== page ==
The incidence of flu has remained stable in most parts of South China since the beginning of summer, compared with the previous three years, China's top health authority said on Thursday.
However, the number of flu cases reported in Guangdong province this year reached nearly 75,000 as of Sunday, a rise of 1.26 percent over the same period last year.
Guangdong borders Hong Kong, where flu has killed more than 300 people over the last three months, most of them elderly with chronic diseases.
The Guangdong figures include three deaths, compared with eight in the same period last year, according to Guangdong's Health and Family Planning Commission.
The flu is now at its end stage for the year in the province, the commission said.
Song Shuli, spokeswoman of the National Health and Family Planning Commission, said at a news conference that the most prevalent flu virus in China is still H3N2, and there have been no mutations.
More than 99,000 flu cases were reported on the mainland between May and July, including five deaths, according to the commission.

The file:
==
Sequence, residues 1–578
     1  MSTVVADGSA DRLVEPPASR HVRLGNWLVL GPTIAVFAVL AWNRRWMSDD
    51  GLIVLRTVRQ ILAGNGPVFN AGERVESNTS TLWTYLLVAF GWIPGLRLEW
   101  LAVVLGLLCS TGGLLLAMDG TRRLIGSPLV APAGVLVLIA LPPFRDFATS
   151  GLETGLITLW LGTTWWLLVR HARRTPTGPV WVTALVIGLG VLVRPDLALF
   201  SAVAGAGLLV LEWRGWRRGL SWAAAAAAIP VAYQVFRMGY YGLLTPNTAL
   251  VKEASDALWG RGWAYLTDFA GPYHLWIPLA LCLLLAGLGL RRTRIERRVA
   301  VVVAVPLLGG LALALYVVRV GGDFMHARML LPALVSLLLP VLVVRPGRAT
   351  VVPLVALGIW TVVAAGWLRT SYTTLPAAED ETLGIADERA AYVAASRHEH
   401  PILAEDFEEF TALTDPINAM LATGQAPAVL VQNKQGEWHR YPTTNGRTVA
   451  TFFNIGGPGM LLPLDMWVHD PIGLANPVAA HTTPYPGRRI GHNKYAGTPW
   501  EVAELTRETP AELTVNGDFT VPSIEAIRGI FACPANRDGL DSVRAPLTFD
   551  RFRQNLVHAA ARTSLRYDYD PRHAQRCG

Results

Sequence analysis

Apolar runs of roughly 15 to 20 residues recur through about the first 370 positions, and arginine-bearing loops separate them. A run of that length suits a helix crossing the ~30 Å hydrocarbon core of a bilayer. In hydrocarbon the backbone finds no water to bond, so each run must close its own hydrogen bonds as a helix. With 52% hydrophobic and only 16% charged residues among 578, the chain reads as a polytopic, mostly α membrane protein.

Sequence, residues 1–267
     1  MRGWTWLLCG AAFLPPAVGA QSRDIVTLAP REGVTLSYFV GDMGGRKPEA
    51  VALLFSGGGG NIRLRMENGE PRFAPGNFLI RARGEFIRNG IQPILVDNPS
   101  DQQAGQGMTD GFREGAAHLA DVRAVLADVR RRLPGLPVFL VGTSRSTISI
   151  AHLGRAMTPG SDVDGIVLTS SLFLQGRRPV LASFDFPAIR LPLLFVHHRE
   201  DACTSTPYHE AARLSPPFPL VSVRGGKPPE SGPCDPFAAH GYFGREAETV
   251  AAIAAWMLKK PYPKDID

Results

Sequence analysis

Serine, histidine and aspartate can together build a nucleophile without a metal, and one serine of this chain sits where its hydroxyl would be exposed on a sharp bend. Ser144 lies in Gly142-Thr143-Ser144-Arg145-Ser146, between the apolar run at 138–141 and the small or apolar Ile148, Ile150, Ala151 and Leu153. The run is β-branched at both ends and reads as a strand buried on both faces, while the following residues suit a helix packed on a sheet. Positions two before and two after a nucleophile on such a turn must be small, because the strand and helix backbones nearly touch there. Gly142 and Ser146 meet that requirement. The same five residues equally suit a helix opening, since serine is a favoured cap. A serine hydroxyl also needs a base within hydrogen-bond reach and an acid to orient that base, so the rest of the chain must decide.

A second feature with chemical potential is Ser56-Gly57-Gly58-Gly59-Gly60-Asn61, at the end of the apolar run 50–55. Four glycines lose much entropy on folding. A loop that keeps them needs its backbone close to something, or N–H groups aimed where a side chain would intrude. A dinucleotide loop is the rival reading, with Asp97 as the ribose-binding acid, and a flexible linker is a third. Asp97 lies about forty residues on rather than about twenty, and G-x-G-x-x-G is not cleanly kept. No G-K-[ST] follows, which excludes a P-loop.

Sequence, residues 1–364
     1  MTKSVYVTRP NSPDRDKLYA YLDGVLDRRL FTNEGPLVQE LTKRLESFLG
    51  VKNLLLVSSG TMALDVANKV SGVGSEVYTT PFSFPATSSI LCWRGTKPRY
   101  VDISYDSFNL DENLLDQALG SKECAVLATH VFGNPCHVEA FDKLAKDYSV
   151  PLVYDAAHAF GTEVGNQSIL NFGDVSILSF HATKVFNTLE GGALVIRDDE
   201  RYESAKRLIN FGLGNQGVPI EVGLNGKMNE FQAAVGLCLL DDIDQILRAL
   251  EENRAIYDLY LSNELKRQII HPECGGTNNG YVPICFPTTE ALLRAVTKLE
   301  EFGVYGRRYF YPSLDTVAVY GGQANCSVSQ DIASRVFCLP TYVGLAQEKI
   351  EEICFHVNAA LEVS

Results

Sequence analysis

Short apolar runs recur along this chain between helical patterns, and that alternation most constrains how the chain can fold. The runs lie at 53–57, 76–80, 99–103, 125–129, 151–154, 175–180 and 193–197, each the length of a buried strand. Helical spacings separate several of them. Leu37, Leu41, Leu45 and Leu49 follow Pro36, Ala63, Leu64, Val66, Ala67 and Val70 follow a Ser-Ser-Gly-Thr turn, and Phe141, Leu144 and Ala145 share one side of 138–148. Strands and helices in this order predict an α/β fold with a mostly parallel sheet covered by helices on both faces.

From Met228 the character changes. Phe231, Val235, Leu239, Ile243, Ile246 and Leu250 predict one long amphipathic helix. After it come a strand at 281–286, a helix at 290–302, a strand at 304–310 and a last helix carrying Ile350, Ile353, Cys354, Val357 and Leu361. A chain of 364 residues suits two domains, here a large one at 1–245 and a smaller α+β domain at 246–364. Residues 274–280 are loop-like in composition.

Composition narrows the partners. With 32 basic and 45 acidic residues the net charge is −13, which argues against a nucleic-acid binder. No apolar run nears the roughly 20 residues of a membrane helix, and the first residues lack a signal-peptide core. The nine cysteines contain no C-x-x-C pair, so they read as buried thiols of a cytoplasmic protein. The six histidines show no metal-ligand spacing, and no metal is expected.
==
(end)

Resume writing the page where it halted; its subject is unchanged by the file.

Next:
In North China, flu peaks during the winter and spring every year. South China sees those peaks, too, but it typically experiences a third peak in summer.
In Guangdong, the incidence of flu during summer has been slightly higher than the three-year seasonal average, but flu has been in decline for the past three weeks, she said.
The commission will continue to guide health authorities in South China to intensify monitoring to prevent and control the flu, and to improve rescue efforts in critical cases, she said.
Although seasonal flu peaks result in a number of serious cases every year in China, most display light symptoms, and only a few result in serious complications, according to the Chinese Center for Disease Control and Prevention.
The best way to prevent flu is to receive a vaccine, which is strongly recommended for groups at higher risk, such as pregnant women, children under 5, the elderly and those with chronic diseases, the center said. They are advised to receive antiviral treatments as early as possible if they get flu symptoms to prevent risks of complications, it said.